Evidence-based assessment/Prescription phase/Interviews Are Not Perfect

From Wikiversity
Jump to navigation Jump to search

Deep Thought/Rabbit Hole[edit | edit source]

Are interviews perfect? It would be nice if they were, but they aren't.

Unstructured interviews have all kinds of limitations, as covered in the Jensen-Doss et al. (2020) chapter.

Fully structured interviews have the highest inter-rater reliability (because everyone is getting the same script), which should improve the validity of conclusions based on them (remember that reliability sets an upper limit on validity). But if the patient does not understand the question, or misinterprets what is being asked, that will lower the validity. There is a huge debate in epidemiology about whether diagnoses made by research assistants using a structured interview (such as a SCID, MINI, or CIDI) represent "real" cases with clinical impairment. (Bird; Kessler)

Semi-structured interviews are supposed to hit the sweet spot, where the structure makes sure that we ask about the "vital few" topics for all clients, and go deeper on topics that are relevant to the individual. The clinician/interviewer can rephrase things, changing the script to try to improve communication. This improves validity compared to fully structured interviews, but it lowers the inter-rater reliability (because every interviewer gets some discretion about how to ask questions and to interpret the answers). That wiggle room is why semi-structured approaches are all supposed to only be used by trained clinicians. That isn't a magical solution, either, though, given the potentially big differences in clinical training or the models we use. The actual validity of a semi-structured approach gets sandwiched somewhere in between the improved validity due to adding clinical judgment, versus the hit to inter-rater reliability due to letting people improvise.

LEAD Diagnoses[edit | edit source]

Describe LEAD. Talk about whether we can do this in clinical practice.

Research Corner[edit | edit source]

Talk about the ways of estimating the validity of SDIs (e.g., comparing to LEAD).

Kraemer (1992) and effects on AUC.

Could paste in cuttings from parent page.

Psychometric properties of common diagnostic interviews[edit | edit source]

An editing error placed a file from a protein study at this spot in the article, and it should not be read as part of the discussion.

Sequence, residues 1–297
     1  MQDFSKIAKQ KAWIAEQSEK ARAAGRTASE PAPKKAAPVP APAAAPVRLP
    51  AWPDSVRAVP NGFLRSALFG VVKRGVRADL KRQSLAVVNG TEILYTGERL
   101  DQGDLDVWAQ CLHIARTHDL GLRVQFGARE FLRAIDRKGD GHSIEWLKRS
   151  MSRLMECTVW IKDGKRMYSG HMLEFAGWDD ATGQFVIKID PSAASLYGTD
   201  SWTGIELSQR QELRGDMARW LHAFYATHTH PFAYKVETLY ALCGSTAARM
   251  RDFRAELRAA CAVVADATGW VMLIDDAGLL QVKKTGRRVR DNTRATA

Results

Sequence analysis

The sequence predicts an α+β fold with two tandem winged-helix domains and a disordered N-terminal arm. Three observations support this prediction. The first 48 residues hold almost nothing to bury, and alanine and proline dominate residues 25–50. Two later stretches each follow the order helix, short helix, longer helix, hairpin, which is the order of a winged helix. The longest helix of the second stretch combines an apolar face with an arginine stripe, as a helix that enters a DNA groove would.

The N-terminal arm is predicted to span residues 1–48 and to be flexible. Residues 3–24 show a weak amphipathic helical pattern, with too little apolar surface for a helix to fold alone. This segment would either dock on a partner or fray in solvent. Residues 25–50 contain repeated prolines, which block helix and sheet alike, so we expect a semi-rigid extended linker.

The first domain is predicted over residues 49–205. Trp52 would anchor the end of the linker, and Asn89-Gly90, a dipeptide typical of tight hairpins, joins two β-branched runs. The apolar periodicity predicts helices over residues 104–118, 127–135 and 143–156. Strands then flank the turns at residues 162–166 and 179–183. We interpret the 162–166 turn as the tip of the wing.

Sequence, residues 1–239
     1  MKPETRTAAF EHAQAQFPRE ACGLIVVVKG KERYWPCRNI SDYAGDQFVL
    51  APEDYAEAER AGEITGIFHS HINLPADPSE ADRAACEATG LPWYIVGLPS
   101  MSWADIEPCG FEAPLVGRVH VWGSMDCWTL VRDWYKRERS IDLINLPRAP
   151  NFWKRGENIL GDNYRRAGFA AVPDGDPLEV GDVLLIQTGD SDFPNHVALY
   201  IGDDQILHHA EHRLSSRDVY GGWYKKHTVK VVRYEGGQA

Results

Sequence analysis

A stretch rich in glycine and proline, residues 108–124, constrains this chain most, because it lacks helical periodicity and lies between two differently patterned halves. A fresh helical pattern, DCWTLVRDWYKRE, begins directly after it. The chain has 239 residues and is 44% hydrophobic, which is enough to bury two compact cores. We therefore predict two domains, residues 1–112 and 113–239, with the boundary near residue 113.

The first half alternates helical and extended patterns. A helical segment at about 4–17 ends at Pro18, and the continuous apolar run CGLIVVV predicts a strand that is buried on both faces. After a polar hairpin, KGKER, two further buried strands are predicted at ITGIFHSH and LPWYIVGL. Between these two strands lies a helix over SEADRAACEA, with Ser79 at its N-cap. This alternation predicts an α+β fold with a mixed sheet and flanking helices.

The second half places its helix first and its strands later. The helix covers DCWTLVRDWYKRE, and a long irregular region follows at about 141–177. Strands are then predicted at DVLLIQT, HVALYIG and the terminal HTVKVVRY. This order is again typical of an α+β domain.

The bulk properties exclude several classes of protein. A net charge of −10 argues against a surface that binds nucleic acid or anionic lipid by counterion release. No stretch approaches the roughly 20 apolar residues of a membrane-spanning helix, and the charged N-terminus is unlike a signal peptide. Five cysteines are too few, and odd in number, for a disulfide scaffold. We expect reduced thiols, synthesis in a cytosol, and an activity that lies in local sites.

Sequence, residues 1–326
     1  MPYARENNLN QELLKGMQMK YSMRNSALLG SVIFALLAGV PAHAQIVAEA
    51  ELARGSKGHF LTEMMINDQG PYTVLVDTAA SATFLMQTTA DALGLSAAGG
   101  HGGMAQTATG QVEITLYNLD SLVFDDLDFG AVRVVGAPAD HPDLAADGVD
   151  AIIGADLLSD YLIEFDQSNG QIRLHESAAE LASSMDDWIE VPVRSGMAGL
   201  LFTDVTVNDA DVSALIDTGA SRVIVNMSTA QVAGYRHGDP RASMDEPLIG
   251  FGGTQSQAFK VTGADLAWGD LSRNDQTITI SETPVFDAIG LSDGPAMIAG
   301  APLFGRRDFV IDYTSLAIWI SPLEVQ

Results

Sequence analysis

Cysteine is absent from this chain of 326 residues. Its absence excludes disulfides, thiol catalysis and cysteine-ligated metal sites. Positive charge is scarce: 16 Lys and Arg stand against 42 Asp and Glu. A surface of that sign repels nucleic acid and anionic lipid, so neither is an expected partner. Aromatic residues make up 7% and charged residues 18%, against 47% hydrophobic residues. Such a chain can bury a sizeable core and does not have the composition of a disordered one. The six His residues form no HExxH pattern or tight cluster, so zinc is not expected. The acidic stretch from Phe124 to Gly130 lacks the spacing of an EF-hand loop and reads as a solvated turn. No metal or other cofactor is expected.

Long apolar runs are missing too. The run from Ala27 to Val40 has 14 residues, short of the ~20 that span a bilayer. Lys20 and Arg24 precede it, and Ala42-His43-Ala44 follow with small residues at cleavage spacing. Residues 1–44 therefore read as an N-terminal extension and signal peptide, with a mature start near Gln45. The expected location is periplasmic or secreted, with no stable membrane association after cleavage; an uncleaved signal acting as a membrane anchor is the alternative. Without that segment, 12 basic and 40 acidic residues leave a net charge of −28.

Screening Measure (Primary Reference) AUC LR+ Score LR- Score Clinical generalizability Study description
Composite International Diagnostic Interview (CIDI) 3.0[1] Adolescent Reported: .57 (N=321) 8.36 (when classified positive by CIDI) 0.86 (when classified negative by CIDI) Moderate Utilized the NCS-A sample of 10,148 adolescents aged 13-17 and their parents.[2]
Parent Reported: .71 (N=321) 9.67 (when classified positive by CIDI) 0.56 (when classified negative by CIDI)
Mini International Neuropsychiatric Interview for Children and Adolescents (MINI-KID)[3] AUC= 0.81-.96 (diagnoses of these disorders: any mood, anxiety, substance use, ADHD or behavioral, and eating) and AUC=.94 (psychotic disorders) (N=226) Greater than or equal to 3.21 0.00 to max 0.31 Sample of 225 children and adolescents ages 6-17 which included 190 outpatients and 36 controls, recruited from South Florida psychiatric center.[4]

Note: “LR+” refers to the change in likelihood ratio associated with a positive test score, and “LR-” is the likelihood ratio for a low score. Likelihood ratios of 1 indicate that the test result did not change impressions at all. LRs larger than 10 or smaller than .10 are frequently clinically decisive; 5 or .20 are helpful, and between 2.0 and .5 are small enough that they rarely result in clinically meaningful changes of formulation (Sackett et al., 2000).

  1. Merikangas, Kathleen; Avenevoli, Shelli; Costello, Jane; Koretz, Doreen; Kessler, Ronald C. (April 2009). "The National Comorbidity Survey Adolescent Supplement (NCS-A): I. Background and Measures". Journal of the American Academy of Child and Adolescent Psychiatry 48 (4): 367-9. doi:10.1097/CHI.0b013e31819996f1. PMID 19242382. PMC 2736858. //www.ncbi.nlm.nih.gov/pmc/articles/PMC2736858/. 
  2. Green, Jennifer Greif; Avenevoli, Shelli; Finkelman, Matthew; Gruber, Michael J.; Kessler, Ronald C.; Merikangas, Kathleen R.; Sampson, Nancy A.; Zaslavsky, Alan M. (March 2010). "Attention deficit hyperactivity disorder: concordance of the adolescent version of the Composite International Diagnostic Interview Version 3.0 (CIDI) with the K-SADS in the US National Comorbidity Survey Replication Adolescent (NCS-A) supplement". International Journal of Methods in Psychiatric Research 19 (1): 34-49. doi:10.1002/mpr.303. PMID 20191660. PMC 2938790. //www.ncbi.nlm.nih.gov/pmc/articles/PMC2938790/. 
  3. Sheehan, David V.; Sheehan, Kathy H.; Shytle, R. Douglas; Janavs, Juris; Bannon, Yvonne; Rogers, Jamison E.; Milo, Karen M.; Stock, Saundra L. et al. (March 2010). "Reliability and validity of the Mini International Neuropsychiatric Interview for Children and Adolescents (MINI-KID)". Journal of Clinical Psychiatry 71 (3): 313-26. doi:10.4088/JCP.09m05305whi. PMID 20331933. 
  4. Cite error: Invalid <ref> tag; no text was provided for refs named Sheehan_et_al-20102